Power Network like a Pro!
"You can have everything in life you want if you will just help enough other people get what they want." - Zig Ziglar
One of the most basic, but essential skills for any business owner is developing a robust professional network. While most professionals acknowledge the importance of networking, few actually do it, and even fewer do it well. If you’ve ever wondered how to grow your professional network or how to leverage your network to increase business, this article is for you!
A network refers to a collection of individuals or organizations which are all connected in some manner. Networking then refers to deliberate efforts undertaken to build, grow, and strengthen the quality of individuals and organizations in that network as well as to improve those relationships. A well- developed network can be key to growing a business, recruiting talent, and tapping into valuable peer expertise.
Building a Network.
The first thing a new networker needs is a willingness to regularly meet with other professionals and learn about other businesses. While an introductory call can be helpful in getting to know someone, when possible, face-to-face meetings are best. Also, be prepared to listen!
Leave the Heavy Sales Pitch at Home!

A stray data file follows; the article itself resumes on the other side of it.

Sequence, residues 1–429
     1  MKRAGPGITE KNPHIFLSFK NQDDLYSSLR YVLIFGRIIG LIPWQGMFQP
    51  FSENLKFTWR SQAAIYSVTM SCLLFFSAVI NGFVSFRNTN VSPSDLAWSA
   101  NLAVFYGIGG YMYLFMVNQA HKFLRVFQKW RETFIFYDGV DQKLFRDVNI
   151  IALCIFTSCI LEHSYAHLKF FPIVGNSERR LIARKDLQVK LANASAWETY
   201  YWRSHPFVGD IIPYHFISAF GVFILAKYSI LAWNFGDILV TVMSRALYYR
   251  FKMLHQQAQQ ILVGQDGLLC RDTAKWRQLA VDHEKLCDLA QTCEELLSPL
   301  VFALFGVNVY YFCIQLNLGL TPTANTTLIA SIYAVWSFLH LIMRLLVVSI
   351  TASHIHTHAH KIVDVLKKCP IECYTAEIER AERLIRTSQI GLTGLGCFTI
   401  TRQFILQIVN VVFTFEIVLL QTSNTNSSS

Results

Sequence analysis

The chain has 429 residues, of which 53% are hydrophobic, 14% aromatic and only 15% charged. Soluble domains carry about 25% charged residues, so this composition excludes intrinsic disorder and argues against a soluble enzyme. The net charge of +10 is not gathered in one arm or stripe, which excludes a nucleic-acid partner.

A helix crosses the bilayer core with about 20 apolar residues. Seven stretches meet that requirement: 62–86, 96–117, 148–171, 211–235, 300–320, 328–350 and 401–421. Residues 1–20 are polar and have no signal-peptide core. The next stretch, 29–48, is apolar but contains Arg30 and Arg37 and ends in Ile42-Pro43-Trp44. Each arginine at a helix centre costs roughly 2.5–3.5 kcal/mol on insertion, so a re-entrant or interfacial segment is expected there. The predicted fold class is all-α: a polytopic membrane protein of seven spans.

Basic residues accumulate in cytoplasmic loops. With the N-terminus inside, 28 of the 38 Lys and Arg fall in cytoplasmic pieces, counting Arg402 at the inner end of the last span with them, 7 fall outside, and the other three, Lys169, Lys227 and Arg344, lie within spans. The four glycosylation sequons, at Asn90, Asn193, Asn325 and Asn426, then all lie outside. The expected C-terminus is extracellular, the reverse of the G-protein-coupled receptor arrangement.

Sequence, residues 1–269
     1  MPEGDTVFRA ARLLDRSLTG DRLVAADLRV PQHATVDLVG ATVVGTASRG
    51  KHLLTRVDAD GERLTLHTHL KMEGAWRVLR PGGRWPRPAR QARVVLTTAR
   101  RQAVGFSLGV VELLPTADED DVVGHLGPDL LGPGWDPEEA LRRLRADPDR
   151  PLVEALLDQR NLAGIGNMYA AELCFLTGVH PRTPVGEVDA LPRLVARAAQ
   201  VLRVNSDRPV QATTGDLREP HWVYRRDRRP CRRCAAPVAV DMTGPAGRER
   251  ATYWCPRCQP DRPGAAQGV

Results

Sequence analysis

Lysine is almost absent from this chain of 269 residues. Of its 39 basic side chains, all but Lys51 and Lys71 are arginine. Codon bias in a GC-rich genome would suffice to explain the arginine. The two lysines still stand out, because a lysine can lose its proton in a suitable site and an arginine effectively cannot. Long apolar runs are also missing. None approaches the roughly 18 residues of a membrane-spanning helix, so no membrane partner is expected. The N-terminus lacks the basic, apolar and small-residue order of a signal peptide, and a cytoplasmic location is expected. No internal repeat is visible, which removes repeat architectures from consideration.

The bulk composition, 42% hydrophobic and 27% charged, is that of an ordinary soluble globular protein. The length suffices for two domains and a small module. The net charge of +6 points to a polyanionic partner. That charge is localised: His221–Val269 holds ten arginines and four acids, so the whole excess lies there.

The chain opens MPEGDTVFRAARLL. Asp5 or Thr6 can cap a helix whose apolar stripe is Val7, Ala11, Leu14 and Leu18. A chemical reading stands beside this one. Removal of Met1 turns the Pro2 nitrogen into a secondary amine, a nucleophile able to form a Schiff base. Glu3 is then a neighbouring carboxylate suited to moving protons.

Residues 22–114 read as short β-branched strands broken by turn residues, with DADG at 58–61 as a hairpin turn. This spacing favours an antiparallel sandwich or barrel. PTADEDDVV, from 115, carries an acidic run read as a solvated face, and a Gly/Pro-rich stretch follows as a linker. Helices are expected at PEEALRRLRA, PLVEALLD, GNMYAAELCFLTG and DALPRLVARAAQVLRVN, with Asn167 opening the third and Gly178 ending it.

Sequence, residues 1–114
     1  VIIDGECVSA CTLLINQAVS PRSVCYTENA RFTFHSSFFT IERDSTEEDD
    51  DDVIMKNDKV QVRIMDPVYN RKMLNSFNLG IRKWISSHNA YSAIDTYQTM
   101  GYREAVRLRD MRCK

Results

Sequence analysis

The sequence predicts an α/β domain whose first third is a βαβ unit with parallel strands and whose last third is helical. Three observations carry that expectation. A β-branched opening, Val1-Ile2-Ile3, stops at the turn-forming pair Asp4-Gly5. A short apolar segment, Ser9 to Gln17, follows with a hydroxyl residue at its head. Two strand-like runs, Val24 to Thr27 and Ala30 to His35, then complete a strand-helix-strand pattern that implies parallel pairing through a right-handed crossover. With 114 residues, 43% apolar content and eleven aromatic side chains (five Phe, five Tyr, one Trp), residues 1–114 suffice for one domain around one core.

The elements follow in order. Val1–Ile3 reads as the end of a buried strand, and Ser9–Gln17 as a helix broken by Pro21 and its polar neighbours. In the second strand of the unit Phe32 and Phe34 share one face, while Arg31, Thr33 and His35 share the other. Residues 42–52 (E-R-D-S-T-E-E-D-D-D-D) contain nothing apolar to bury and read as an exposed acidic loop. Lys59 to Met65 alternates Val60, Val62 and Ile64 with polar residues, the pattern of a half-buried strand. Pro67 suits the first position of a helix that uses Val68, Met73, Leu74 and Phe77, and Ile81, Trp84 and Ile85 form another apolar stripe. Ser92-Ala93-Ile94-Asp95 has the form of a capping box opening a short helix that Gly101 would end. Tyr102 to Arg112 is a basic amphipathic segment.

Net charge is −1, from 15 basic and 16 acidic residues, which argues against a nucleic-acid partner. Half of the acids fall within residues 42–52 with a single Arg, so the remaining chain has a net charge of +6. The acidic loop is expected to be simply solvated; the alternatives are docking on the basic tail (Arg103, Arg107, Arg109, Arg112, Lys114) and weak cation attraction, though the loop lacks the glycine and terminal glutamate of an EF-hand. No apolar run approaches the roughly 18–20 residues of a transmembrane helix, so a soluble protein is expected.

One of the biggest mistakes new networkers can make is to relentlessly focus on making a sale instead of getting to know the other party. Regardless of what your sales coach may tell you, networking is not about high-pressure sales. In fact, aggressive sales pitches can be extremely counterproductive - when someone is pushing to sell us something, our “walls” go up and we become very guarded with information. Once we’ve retreated from the discussion, we’re reluctant to say much about our business and the other party has lost a valuable opportunity to learn about us (including how they might be able to help us.)
Anatomy of an Effective Networking Meeting.
With ‘selling’ off the table, you may be wondering “what do I talk about?” The simple and effective answer is what we refer to as “The Big 3” – in short, each party should take no more than 20 minutes each to share:
Who are you?
Speak about your background, experience, and work history. You may choose to share personal information if you’d like but keep this short and business appropriate.
What do you do?
Speak about what your business does, who you can help, what problems you solve, what products you sell, how long you’ve been doing it, etc.
Who can I connect you to in my network?